Obama’s speech to the National Acaemy, my failure at my calling, and bad timing

Posted on April 28th, 2009 — permalink

It is a source of continual angst to me that I’m not teaching college physics at a small college.  It’s my calling, it’s what I’m supposed to be doing.  I sort of made a mistake by going to a research University (that really wanted to be even more of a research University, and was transitioning away from a balance in valuing teaching), but at the time it was the only job offer I had.  If you want to be faculty in physics and astronomy, you’re lucky to get in in the first place….  I would have been happy if I could have kept that job.  Alas, I failed, repeatedly, to get NFS (National Science Foundation) funding.  I tried reinventing my research program in an attempt to make something that would better match the preconception of the funding agencies.  Ironically, this was away from Dark Energy.  However, I was the only professor at my institution who was part of a large collaboration, and funding agencies aren’t interested in that.  Indeed, astronomy panels (at least 7 or so years ago) were suspicious of large collaborations in general.  But, still, no luck.  And, in my last few years, the knowledge (confirmed repeatedly by my department chair) that no NFS funding meant zero chance for tenure begin to weigh more and more heavily on me, and I became more and more dispirited, which made it increasingly difficult to produce any papers and to get good proposals written.  I was in a death spiral.

A year before I left Vanderbilt, I applied for jobs at small colleges, and got several interviews.  I did get one offer, but sadly, for family reasons, I wasn’t able to take the job.  The next year, I applied again, but only got a couple of phone calls, no actual interviews.  Now that I’m out, barring some particularly interesting angle, there’s very little chance of my being able to get back in.  There are just too many young hotshots out there with solid research records, no gap, and who aren’t already over 40.  This isn’t to say it’s inconceivable, but I’ve been on search committees, and I know what happens when they see somebody who’s more than 6 years in and not a superstar.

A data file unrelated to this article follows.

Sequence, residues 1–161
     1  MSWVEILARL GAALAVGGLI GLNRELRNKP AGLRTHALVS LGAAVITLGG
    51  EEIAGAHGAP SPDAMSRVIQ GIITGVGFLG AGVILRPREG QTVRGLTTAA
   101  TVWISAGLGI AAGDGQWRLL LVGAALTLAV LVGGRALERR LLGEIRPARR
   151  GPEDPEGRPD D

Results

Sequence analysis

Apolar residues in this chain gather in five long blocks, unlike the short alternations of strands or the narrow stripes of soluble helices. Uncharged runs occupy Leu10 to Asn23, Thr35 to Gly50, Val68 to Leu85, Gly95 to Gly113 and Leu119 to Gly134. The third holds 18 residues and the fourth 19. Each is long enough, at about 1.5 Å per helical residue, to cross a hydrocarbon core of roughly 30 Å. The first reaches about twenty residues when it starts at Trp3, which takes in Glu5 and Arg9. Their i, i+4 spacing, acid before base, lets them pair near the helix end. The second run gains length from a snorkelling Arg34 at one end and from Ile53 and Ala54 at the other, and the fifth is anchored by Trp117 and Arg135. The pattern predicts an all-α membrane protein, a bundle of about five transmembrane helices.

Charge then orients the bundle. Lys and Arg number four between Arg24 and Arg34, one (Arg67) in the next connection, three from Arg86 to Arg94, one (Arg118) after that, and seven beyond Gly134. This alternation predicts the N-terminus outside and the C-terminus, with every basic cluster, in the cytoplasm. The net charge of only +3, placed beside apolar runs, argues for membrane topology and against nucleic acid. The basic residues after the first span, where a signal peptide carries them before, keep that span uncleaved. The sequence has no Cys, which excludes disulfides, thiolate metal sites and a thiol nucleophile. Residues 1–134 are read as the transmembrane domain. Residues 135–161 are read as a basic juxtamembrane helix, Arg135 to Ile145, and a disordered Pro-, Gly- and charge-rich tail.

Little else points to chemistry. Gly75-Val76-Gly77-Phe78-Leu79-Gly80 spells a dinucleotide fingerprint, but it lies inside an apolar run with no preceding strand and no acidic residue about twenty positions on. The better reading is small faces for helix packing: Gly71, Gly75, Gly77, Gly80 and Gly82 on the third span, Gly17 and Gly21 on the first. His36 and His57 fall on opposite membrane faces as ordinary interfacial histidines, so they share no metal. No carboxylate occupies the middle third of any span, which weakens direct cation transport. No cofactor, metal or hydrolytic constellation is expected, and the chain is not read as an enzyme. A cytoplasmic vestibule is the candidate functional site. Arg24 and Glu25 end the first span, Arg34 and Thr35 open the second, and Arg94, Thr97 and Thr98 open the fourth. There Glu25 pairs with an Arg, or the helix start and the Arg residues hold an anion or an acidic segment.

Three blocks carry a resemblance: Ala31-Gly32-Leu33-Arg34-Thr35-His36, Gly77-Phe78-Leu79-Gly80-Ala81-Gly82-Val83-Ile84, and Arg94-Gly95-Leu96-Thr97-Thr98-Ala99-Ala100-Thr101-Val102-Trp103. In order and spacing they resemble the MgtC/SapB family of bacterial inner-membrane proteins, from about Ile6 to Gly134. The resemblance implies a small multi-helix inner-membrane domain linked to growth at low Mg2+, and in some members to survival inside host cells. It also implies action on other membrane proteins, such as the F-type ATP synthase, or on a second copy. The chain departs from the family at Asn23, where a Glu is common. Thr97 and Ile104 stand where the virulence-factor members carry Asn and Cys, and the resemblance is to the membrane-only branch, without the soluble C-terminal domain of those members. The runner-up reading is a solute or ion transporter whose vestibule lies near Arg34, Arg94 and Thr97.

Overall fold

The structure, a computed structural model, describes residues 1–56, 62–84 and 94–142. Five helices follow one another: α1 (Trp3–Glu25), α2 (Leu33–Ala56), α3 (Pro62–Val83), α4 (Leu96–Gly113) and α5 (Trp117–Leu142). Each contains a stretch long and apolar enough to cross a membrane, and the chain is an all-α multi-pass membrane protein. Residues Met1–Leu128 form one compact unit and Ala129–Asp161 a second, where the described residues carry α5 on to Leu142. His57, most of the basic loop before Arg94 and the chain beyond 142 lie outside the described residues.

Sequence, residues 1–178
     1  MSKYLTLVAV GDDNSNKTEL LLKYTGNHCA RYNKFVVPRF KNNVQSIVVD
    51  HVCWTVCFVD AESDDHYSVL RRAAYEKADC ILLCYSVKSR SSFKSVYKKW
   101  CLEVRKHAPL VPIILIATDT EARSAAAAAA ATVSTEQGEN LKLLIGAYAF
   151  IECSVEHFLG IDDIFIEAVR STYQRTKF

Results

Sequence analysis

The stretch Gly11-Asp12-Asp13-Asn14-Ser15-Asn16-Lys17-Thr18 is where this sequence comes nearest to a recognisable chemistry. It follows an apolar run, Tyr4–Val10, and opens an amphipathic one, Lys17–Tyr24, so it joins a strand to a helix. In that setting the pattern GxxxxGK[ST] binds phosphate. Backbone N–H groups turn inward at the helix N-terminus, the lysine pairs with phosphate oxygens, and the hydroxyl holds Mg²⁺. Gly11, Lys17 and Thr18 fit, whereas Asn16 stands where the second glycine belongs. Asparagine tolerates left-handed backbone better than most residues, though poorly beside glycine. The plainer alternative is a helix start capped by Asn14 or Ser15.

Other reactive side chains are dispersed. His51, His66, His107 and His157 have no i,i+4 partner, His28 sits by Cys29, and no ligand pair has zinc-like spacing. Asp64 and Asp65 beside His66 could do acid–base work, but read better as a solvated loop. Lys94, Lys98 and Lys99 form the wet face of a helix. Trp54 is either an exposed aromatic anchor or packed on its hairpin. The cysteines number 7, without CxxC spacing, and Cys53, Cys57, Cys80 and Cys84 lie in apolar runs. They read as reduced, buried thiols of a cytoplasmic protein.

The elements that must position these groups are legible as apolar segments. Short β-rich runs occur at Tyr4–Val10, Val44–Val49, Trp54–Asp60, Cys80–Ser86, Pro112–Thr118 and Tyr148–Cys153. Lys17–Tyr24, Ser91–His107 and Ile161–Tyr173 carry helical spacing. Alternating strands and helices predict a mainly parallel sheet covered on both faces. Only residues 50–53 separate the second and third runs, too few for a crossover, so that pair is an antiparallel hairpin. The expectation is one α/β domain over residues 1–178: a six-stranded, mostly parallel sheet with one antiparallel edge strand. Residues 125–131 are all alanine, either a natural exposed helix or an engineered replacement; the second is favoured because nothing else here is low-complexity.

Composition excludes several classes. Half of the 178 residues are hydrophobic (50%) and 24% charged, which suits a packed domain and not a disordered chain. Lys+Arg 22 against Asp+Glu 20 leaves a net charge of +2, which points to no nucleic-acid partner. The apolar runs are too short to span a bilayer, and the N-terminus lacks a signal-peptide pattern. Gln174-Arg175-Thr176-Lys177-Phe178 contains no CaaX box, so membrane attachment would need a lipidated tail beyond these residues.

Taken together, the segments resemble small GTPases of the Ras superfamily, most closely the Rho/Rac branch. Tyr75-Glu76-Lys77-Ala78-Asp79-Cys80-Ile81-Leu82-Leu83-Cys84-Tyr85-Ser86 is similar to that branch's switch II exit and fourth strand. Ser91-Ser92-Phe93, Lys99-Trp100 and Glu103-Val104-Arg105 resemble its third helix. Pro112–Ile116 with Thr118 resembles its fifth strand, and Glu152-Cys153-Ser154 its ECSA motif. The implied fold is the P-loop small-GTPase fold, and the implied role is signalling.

I can’t help but wonder, though, if things might have been different if the economy had crashed several years earlier, and if we didn’t have a president openly hostile to actual science in the white house.  In a speech to the National Academies, Obama announced that there’s going to be a huge increase in the budget for the NSF.  Mind you, only 1 in 6 grants were being funded, so even if it goes to 1 in 3 (which I doubt will really happen, because assuredly some of that NFS doubling will go to various big projects and other “rich get richer” sorts of things), it’s still difficult, you still spend a lot of your creative effort banging your head against thew all.  So, I might have had exactly the same outcome.  However, when grants were turned down, sometimes NFS program officers could only say they didn’t know what to say, because money was so tight; in previous years, they might have tried to help people applying figure out how to better tune their grants.  At 1 in 6, it was a complete crap shoot.

I can’t help but wonder if it might have been different.  If I was, in part, the victim of bad timing.

“A man is not old until regrets take the place of dreams.” –John Barrymore

The fact that I’m 40 doesn’t so much make me feel old.  The fact that I’m 40 and not spending my primary full-time-job creative effort on physics and astronomy, together with a realistic assessment that I’ll be able to get back into the sort of faculty job that I want, makes me realize that many (not all) of my primary dreams have in fact been replaced by regrets.

6 Responses to “Obama’s speech to the National Acaemy, my failure at my calling, and bad timing”

  1. Tish Shute Says:

    Hi Rob – I agree teaching physics and astronomy is your calling. I do hope you do not give up on your search for a post. I am sure there is a spot for you somewhere in the academy. No regrets – you must look forward to new opportunities. 40 is young!
    best wishes for the future, Tish

  2. Some weird hillbilly somewhere Says:

    Rob, don’t get to feeling too down about this stuff! *headbonks* The whole whirlpool of regret is just self-reinforcing and just keeps leading downward, and doesn’t go anywhere where you want to be.

    If you want to teach, then teach, even if it isn’t your day job. Start an astronomy club or something. Opportunities open up in weird places. Not the places you expect.

    I shall provide an annoying and long winded story to illustrate the point, as is my tendency. Lol.

    My goal in life was to teach computer science, and maybe do research in a VR lab somewhere, exploring fun stuff related to machine-generated interactive narrative.

    So far, I’ve had to quit school three times from lack of money over the past 10 years, and I still don’t have even a bachelor’s degree… According to prospective tech employers, I’m overqualified for the all the silly jobs, and nobody wants to hire someone without a degree for a real job. So it was a blue-collar job for me, whilst trying to finish the aforementioned degree with night classes, money permitting.

    Well, the economy got bad, and I lost my blue collar job. What to do? Unable to find another blue-collar job in the midst of economic baddness, not even pizza delivery, I started to script in Second Life for money as well as doing some webapp stuff, figuring that even the pittance of money I could get for it was better than no money, until I could find a crappy dead-end “real job” to pay the bills and finish school.